The E-Discovery Beat caught up with Ralph Losey, partner at Jackson Lewis and chair of the firm’s Electronic Discovery Practice Group. Here is an excerpt of the interview:
E-Discovery Beat: You just finished presenting a session on predictive coding. This was kind of a unique LegalTech session in that was intended to be a little more interactive and actually feature a live simulation. Talk about the objectives and how everything went?
Losey: I got a chance to design my own presentation and wanted to do something that brought the people who are here into the process and to demonstrate the inconsistency of reviewers, which is a known scientific fact, and kind of bring it home by having the audience themselves see for themselves by coding five documents – relevant or irrelevant – and we got disagreements. The reality is that the important documents are usually grey area and there the disagreement rate goes much higher. The point of the exercise was to extrapolate what we know from science and demonstrate it here at LegalTech and thus show the inconsistency of humans in making these kinds of relevancy decisions. We also talked about the implications of that, especially what the long term implications will be for the future of search.
E-Discovery Beat: 2012 was clearly a big year for predictive technologies. For the first time, we had judges actually signing off on the use of predictive tools. Do you anticipate that we’ll see more widespread adoption in 2013 and what are the remaining barriers to that?
Losey: Price is still a barrier. I really urge vendors to bring the prices down. Otherwise, I don’t think there are any bonafide barriers accept for the main one and that is natural resistance to change and lawyers tend to be more conservative than most so there is a natural reluctance to change but I think the forces of competition will have an impact. Some firms are already there and if you want to keep up with the neighbors next door, your competitors, you’d better do it or you’re going to be left in the dust. The truth of the matter is that this is a disruptive technology. It disrupts the current establishment of vendors, the current establishment of law firms because it’s so much better. The more you learn about it the more you realize that this is really big. This is changing everything and thank goodness because we were losing the race of keeping up with the data explosion. Big Data requires artificial intelligence. It’s the only way to do it. And the good news is we are now learning how to do it. There are multiple choices now from software companies that are doing it right, some that may not being doing it as right, but that’s always the way it is particularly with new technology that comes out. I don’t think there is any one clear leader but I think there is going to be a shakedown. Those who are on top yesterday may not be on top tomorrow and that’s the way it should be. That’s what competition is all about.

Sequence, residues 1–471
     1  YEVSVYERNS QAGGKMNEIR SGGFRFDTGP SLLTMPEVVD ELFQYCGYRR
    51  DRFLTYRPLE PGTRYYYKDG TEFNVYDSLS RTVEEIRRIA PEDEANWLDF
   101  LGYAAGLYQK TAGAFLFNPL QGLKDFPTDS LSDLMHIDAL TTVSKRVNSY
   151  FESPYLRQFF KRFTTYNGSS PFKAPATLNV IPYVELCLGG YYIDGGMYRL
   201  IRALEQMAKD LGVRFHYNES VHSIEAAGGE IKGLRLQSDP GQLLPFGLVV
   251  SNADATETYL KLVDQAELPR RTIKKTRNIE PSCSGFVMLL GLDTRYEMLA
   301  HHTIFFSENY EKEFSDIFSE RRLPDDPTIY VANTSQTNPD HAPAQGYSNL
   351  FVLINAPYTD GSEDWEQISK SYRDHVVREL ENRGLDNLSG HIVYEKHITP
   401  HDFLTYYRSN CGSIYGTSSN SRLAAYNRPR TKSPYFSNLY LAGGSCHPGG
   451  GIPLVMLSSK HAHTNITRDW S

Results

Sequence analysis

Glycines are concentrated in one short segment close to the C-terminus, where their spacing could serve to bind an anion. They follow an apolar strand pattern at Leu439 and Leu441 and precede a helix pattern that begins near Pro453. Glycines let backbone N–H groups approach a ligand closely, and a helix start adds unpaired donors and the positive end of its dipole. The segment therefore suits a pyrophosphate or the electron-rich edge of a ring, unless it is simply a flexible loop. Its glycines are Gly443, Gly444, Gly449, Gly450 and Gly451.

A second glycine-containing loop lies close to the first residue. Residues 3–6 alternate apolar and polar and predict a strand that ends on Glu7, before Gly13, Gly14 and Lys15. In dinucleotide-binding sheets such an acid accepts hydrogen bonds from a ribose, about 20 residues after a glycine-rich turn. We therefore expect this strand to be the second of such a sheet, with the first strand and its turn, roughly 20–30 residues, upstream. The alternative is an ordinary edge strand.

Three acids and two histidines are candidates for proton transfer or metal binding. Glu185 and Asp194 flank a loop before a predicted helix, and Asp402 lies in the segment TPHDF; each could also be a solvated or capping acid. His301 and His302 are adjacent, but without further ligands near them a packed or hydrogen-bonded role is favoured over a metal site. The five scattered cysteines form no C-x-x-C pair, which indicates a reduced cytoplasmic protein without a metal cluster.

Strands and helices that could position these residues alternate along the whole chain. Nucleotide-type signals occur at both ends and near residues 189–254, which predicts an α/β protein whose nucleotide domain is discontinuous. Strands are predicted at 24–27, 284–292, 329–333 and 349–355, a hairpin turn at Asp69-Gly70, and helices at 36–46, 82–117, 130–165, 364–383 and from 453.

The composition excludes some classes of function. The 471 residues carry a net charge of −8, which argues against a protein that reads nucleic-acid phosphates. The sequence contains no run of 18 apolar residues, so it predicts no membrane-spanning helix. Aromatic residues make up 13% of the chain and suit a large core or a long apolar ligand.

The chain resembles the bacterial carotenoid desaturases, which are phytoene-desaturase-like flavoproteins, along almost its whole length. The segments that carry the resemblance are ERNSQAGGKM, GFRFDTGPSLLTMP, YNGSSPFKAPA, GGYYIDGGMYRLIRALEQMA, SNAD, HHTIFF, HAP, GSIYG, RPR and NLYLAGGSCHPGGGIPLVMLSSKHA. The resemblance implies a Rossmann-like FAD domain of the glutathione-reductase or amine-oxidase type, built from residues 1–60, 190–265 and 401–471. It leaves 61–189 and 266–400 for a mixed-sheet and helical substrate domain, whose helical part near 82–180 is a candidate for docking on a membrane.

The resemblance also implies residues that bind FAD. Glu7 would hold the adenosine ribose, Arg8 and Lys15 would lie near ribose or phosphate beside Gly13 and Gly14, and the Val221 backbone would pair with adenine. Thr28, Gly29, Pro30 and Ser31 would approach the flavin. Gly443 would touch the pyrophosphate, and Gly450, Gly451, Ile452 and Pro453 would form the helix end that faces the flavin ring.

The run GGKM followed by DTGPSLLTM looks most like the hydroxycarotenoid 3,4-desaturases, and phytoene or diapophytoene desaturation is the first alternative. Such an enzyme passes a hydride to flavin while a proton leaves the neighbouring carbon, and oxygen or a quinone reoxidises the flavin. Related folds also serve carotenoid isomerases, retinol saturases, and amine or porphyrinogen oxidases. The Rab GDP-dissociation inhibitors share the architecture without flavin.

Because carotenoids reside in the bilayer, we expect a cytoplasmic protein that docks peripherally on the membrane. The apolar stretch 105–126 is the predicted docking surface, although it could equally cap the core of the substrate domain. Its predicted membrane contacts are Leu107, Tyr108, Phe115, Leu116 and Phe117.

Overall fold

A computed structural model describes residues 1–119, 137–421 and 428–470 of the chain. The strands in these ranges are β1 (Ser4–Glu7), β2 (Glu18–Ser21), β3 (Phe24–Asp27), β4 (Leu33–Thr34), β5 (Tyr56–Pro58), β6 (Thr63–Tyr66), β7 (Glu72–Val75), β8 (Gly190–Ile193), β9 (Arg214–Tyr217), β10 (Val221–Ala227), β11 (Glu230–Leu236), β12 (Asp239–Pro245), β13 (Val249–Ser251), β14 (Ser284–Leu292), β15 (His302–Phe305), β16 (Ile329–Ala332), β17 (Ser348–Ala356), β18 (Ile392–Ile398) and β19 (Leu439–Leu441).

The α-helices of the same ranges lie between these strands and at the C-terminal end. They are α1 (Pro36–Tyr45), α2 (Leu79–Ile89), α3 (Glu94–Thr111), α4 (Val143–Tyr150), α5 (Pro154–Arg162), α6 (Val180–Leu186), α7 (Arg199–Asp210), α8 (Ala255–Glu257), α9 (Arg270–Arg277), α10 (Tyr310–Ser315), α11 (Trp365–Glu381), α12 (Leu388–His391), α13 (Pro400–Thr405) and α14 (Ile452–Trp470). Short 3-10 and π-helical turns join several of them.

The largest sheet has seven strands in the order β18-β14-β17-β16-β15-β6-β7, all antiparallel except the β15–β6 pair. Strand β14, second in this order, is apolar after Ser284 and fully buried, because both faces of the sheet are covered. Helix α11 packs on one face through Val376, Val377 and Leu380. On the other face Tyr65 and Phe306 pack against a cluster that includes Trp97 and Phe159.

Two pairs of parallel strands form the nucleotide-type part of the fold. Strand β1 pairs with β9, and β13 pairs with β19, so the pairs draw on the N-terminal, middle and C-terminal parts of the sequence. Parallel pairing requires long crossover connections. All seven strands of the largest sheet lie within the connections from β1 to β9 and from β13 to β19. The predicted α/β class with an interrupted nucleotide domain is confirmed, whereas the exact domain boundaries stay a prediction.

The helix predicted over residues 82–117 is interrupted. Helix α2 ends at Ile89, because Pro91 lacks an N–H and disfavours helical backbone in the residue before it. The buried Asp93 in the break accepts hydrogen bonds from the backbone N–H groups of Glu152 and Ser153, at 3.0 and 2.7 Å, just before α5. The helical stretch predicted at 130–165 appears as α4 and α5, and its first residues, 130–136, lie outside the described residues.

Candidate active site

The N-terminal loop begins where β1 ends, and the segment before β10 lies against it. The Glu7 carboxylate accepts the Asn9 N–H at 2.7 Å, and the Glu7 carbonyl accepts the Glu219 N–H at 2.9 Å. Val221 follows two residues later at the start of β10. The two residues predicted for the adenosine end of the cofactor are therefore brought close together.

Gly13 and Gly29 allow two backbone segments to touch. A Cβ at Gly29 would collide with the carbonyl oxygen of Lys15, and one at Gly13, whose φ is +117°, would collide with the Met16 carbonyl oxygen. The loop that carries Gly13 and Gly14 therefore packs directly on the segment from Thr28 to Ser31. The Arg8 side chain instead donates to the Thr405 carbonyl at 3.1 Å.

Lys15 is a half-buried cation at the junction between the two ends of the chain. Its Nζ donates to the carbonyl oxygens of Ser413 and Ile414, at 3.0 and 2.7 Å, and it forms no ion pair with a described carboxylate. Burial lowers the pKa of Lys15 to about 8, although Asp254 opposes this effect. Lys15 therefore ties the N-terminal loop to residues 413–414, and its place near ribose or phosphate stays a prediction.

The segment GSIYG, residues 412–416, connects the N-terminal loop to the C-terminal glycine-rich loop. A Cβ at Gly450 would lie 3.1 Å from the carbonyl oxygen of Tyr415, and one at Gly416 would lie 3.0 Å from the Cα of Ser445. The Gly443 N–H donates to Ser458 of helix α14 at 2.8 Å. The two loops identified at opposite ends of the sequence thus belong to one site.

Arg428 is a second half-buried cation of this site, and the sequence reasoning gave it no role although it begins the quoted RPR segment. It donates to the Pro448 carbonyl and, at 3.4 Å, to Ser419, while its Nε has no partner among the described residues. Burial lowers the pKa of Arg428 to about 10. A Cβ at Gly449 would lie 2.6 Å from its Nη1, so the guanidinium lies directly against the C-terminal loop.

E-Discovery Beat: You devote a lot your time and work to predictive technologies. Are there other topics in e-discovery that you’ve been paying attention to on the side that you’re excited to hear more about at the conference?
Losey: I’m always excited to hear what the judges think since they make the ultimate decisions. Computer assisted review is critical but it’s not all of e-discovery. I do think that the application of computer assisted review or predictive coding at the front end in the organization of documents is going to be something that we’ll see more and more in the future. This is just the very beginning in a long term wave for the law. Although this kind of machine training has been used for other things, such as medical research, for a long time, there are different nuances in the law. There are all types of special obstacles in the law so it’s a challenge to be creative and come up with new solutions.